Another area that we have been able to expand my role to encompass is evaluation and boxing of items moving to the ALF (Auxiliary Library Facility). We recently began moving materials out to the ALF at the rate of 10,000 per week in preparation for our Fine Arts Library’s move to the Wells Library. The materials being moved are low use, and there is a high rate of brittle paper and damaged bindings. My role in this project is to evaluate the damaged items and determine what type of enclosure would suit them best, so that they can be placed in the ALF without undergoing further injury. The emphasis is on choosing the most efficient, cost-effective solution that will do the job, including tying with cotton tie, sandwiching items between boards in a Tyvek envelope, and Kasemake boxes. This sort of work is a natural extension of a binder’s job; evaluating what type of enclosure would preserve the item best, while ensuring that no undue damage is caused.
By taking part in the everyday workflow of the Preservation Lab, while also taking on new projects, I am able to help out my colleagues, learn new things, and ensure that I am always busy! Although I have only been in this position for a short time, I have already expanded my skill set so much and learned so many wonderful new things. It is my hope that I can continue to find new arenas to expand into and that the commercial binding unit will continue to become more integrated into the rest of the work done here at the lab.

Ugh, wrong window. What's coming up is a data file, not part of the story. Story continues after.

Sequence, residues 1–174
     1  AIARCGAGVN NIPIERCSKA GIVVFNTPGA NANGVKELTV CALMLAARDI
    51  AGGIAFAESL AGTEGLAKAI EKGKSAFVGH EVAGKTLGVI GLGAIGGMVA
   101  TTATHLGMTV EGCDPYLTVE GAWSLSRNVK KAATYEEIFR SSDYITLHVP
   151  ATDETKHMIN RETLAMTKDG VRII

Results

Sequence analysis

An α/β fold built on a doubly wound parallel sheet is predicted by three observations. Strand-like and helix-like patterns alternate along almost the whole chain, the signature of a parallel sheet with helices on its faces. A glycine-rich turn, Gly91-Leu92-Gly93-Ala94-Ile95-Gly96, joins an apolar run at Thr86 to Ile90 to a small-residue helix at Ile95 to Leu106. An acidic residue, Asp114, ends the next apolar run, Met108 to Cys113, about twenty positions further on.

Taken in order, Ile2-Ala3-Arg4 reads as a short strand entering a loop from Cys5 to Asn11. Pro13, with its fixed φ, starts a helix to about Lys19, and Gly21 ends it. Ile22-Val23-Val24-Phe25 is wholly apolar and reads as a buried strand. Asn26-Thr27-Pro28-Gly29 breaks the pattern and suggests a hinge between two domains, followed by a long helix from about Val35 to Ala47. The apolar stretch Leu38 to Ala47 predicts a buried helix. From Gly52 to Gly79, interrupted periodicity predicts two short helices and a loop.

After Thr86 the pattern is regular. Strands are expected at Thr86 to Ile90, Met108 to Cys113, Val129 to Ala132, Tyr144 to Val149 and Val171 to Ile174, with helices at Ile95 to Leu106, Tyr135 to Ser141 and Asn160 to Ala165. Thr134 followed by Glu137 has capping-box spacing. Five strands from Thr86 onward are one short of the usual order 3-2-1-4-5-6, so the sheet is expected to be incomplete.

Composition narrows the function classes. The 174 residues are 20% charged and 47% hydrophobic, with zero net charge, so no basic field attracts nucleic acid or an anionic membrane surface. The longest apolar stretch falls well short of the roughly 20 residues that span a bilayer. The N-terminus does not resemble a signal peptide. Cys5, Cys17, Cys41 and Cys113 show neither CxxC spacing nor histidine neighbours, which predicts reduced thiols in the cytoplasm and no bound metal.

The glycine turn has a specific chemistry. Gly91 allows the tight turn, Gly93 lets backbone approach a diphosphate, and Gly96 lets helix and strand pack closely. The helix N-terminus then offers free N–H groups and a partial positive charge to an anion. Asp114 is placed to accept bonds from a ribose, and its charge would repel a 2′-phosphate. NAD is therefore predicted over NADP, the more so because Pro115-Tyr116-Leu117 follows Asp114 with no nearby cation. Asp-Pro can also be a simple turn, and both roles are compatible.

For this month’s Preservation Lab Blog post, as her supervisor, let me introduce our newest full-time employee, Hannah Helton.
-Doug Sanders, Paper Conservator
Nearly four months ago I was hired as the Paper Conservation Technician for the paper lab. I was a student employee here before, so I expected to settle quickly into the lab’s daily rhythm, but the transition held a few surprises. On my third day as a full-time employee I set off the security alarm, met an IU police officer, handled a Spencer repeating rifle, read the world’s largest newspaper, and cut the tip off my left thumb.